What you'll do: Working closely with patients, you are responsible for basic care services such as bathing, grooming and feeding patients, assisting nurses with medical equipment, and checking patient vital signs. CNAs give patients important social and emotional support and also provide vital information on patient conditions to nurses.
Where you'll work: Hospitals, nursing care facilities, community care facilities for the elderly
Degree you'll need: High school diploma or GED and completion of a 6-to-12 week CNA certificate program
Median annual salary: $24,420*
Who Are Certified Nursing Assistants?
A certified nursing assistant (CNA) job puts you on the front lines of patient care. Nursing assistants are vital to daily operations in hospitals and nursing care facilities. Your compassion and skill in patient care will help minimize the stress of those who are sick or unable to care for themselves.
Certified nursing assistants, sometimes called nurses' aides, orderlies, patient care technicians, and home health aides, work under the supervision of a nurse to help patients with daily living tasks.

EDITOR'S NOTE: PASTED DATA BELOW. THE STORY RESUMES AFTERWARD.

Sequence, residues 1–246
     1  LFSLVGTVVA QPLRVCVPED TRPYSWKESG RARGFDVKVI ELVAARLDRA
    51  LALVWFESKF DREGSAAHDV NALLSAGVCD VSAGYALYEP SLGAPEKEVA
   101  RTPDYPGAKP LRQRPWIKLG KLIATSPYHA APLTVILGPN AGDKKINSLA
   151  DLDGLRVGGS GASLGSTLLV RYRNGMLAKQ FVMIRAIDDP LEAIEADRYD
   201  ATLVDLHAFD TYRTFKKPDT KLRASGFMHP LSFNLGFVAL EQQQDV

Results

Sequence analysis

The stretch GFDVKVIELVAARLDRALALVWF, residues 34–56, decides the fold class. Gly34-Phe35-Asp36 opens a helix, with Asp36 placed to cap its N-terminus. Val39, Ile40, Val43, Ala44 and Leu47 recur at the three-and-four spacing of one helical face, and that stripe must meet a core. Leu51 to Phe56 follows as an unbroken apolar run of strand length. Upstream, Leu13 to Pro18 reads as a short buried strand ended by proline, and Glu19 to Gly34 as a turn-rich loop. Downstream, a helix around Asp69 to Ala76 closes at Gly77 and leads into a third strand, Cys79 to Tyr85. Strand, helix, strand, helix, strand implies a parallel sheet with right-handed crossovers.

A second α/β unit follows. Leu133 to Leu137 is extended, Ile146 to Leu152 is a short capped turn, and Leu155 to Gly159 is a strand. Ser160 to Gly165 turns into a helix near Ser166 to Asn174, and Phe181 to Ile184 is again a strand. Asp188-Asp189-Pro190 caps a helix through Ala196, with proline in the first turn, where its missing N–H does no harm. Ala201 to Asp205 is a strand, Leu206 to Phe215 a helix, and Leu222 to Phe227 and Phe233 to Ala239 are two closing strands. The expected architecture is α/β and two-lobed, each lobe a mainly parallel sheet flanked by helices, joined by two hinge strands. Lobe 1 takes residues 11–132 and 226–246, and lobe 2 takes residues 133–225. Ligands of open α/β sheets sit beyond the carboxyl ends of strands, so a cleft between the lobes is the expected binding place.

Education & Certification
You can complete your certified nursing assistant program in a very short period of time. In addition to a high school diploma or GED, you'll need to complete a 6-to-12 week CNA certificate program at a community college or medical facility.
Classroom instruction in a certified nursing assistant program generally includes the following:
- Basic nursing skills
- Anatomy and physiology
- Infection control
Students also gain plenty of hands-on-experience during clinical activities.
Regulations on nursing assistant certification vary from state-to-state. However, most CNA programs offer a certification exam. The National Association for Home Care offers national certification for home health aides.
Start Your CNA Career
If you're ready to take the first steps toward a certified nursing assistant job, learn about your education options. Explore certified nursing assistant schools in your area, and start your career on the right foot.
Sources: U.S. Bureau of Labor Statistics 2014-15 Occupational Outlook Handbook; Nursing Assistants and Orderlies.
*The salary information listed is based on a national average, unless noted. Actual salaries may vary greatly based on specialization within the field, location, years of experience and a variety of other factors. National long-term projections of employment growth may not reflect local and/or short-term economic or job conditions, and do not guarantee actual job growth.